‘Chop him up’: Accusers seethe over Cardinal Law’s funeral plans

(THIS ARTICLE IS COURTESY OF CNN)

 

‘Chop him up’: Accusers seethe over Cardinal Law’s funeral plans

Story highlights

  • Pope Francis will deliver a final blessing at Law’s funeral, the Vatican said
  • Some sex abuse survivors have urged against a “celebratory focus” on Law

(CNN)Alexa MacPherson says very little about Cardinal Bernard Law’s death — or the Catholic Church’s plans for a full cardinal’s funeral — gives her peace of mind.

MacPherson, a Boston-area native who says she is a survivor of sexual abuse by a priest, says Law deserves no such dignity as the funeral that will be held for him at St. Peter’s Basilica in Vatican City on Thursday.
Law, 86, died Wednesday, 15 years after he resigned as Boston’s archbishop amid allegations that he covered up for pedophile priests like the one accused of abusing MacPherson.
“With his passing, I say I hope the gates of hell are open wide to welcome him, because I feel … no redemption (for Law)” is worthwhile, MacPherson said Wednesday.
Robert Costello, another Boston-area native who says a priest abused him, and that Law covered for the cleric, was just as blunt.
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“Chop him up and put weights on every piece of body part that he has and drop him in oceans around the world,” Costello, 56, said.
Instead of being given a Vatican funeral, he said, Law should just “disappear.”
MacPherson and Costello vented to reporters Wednesday in the Boston office of attorney Mitchell Garabedian, who represents many who accuse priests of sex abuse.
Costello’s first thought upon hearing that Law died, he said, was, “Where’s the party? Where are we going to celebrate?”
“And then I realized it would be no celebration whatsoever,” he said. “It would be a meeting of people who tell their stories and bring it all back up again.”

Survivors’ group urges against pomp

The Vatican said early Wednesday that Law, 86, had died in Rome after a long illness. He served in Rome as archpriest of the Papal Liberian Basilica of St. Mary Major after he was forced to resign in 2002 as Boston archbishop.

Cardinal Bernard Law, seen here in Novemember 2012 at the Vatican, died after a long illness, the Vatican said Wednesday.

Critics say his reassignment to Rome amounted to a cushy second career that shouldn’t have been afforded him.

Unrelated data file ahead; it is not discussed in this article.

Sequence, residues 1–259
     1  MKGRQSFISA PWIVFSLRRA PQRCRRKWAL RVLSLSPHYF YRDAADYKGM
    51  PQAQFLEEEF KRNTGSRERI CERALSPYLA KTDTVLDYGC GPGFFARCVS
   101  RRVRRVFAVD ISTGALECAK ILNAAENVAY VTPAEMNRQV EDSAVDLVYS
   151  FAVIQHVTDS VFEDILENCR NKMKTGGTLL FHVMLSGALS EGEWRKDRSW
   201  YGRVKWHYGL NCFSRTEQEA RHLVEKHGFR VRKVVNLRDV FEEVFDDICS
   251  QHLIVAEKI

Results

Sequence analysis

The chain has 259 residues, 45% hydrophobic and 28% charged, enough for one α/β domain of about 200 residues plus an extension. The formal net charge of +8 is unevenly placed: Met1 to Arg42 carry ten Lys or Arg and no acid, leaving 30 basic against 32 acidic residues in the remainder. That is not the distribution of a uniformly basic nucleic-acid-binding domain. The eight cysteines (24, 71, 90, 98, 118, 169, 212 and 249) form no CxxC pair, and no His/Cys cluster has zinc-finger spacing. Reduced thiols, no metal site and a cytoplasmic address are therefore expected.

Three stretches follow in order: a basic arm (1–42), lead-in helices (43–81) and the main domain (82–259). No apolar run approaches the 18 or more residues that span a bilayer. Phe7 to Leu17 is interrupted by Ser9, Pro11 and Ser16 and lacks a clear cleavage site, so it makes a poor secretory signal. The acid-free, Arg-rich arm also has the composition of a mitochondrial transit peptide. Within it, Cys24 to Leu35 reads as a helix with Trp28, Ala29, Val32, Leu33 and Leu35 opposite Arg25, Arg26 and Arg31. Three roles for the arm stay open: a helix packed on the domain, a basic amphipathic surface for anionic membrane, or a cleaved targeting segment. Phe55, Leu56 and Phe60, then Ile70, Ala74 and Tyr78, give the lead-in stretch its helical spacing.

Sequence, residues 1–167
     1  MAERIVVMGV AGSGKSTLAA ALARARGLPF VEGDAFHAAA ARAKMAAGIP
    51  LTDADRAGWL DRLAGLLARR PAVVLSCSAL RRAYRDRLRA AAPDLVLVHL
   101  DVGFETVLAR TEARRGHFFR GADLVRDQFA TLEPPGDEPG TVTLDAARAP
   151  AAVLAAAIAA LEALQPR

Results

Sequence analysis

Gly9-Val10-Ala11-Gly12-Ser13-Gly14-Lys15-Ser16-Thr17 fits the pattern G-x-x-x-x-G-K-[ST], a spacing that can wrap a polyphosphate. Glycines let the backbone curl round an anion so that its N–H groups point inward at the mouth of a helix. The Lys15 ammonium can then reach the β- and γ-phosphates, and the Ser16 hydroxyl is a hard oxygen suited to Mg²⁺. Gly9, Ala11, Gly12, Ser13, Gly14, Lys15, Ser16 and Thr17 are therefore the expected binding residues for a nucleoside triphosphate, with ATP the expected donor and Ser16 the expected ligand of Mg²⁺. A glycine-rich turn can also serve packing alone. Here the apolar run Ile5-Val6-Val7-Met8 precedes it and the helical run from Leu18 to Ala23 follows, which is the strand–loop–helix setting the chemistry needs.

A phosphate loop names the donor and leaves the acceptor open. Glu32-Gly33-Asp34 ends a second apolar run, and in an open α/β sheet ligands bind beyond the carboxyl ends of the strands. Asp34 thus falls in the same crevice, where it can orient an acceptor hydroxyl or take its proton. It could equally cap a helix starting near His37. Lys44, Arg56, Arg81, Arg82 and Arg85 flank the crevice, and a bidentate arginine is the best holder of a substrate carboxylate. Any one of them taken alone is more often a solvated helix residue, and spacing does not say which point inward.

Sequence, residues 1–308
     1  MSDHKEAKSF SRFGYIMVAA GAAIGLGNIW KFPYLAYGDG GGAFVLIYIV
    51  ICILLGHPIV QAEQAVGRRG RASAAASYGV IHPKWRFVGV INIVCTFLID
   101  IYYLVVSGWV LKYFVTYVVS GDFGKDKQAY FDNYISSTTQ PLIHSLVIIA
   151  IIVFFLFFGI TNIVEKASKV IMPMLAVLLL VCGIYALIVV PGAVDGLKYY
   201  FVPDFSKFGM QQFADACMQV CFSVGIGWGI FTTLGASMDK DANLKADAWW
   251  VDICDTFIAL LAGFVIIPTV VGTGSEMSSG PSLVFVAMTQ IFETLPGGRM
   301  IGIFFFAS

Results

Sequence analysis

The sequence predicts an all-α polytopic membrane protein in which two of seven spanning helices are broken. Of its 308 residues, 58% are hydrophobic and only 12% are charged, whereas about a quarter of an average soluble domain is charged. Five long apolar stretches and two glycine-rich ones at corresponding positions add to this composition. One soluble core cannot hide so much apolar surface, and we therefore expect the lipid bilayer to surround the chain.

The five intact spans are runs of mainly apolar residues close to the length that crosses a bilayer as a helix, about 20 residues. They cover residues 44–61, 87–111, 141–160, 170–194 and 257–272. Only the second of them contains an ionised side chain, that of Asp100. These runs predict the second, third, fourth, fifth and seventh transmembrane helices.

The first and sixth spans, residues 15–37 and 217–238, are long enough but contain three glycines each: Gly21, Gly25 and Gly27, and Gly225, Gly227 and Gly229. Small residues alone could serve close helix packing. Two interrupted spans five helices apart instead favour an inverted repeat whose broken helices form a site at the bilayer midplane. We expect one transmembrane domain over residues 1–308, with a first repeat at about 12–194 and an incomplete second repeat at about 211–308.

Widespread child abuse by the Catholic clergy in the Boston Archdiocese was uncovered by The Boston Globe’s Spotlight investigative reporting team, which won a Pulitzer Prize for its efforts. A big-screen dramatization of the team’s investigation in the 2015 movie, “Spotlight,” won the 2016 Best Picture Academy Award, bringing the story to a much wider audience.
The funeral plans for Law appear to follow the Catholic Church’s protocol for cardinals who die in Rome, even as a network of survivors of sex abuse by priests has publicly called on the Vatican to keep survivors in mind when planning the event.
Cardinal Angelo Sodano, the dean of the College of Cardinals, will celebrate the funeral Mass, scheduled for 3:30 p.m. Thursday, the Vatican said. Pope Francis then will give a “final commendation,” or blessing, as he has previously for cardinals’ funerals.
Before the funeral plans were announced, the Survivors Network of those Abused by Priests had urged against a “celebratory focus” on Law.
“We highly doubt there is a single victim of abuse who will ever receive the same attention, pomp and circumstance by Pope Francis,” the network said in a news release after Law’s death.

From left to right, Robert Costello, attorney Mitchell Garabedian, Phil Saviano and Alexa MacPherson speak at Garabedian's Boston office about the death of Cardinal Bernard Law on Wednesday.

“Every single Catholic should ask Pope Francis and the Vatican why,” the group’s statement reads. “Why Law’s life was so celebrated when Boston’s clergy sex abuse survivors suffered so greatly? Why was Law promoted when Boston’s Catholic children were sexually abused, ignored, and pushed aside time and time again?”
The survivors’ network said the “celebratory focus on abuse enablers like Law must end.”
“It is time for the Vatican to refocus on change: protecting children and those who have been hurt,” the statement reads.

Law’s successor apologizes to victims

Law’s successor as Boston’s archbishop, Cardinal Sean O’Malley, reacted to Law’s death in part by apologizing to victims of sex abuse by clergy.
“I recognize that Cardinal Law’s passing brings forth a wide range of emotions on the part of many people. I am particularly cognizant of all who experienced the trauma of sexual abuse by clergy, whose lives were so seriously impacted by those crimes, and their families and loved ones,” O’Malley said.
“To those men and women,” he added, “I offer my sincere apologies for the harm they suffered, my continued prayers and my promise that the archdiocese will support them in their effort to achieve healing.”
“Cardinal Law served at a time when the church failed seriously in its responsibilities to provide pastoral care for her people, and with tragic outcomes failed to care for the children of our parish communities. I deeply regret that reality and its consequences,” O’Malley said.

‘Opening it all up again’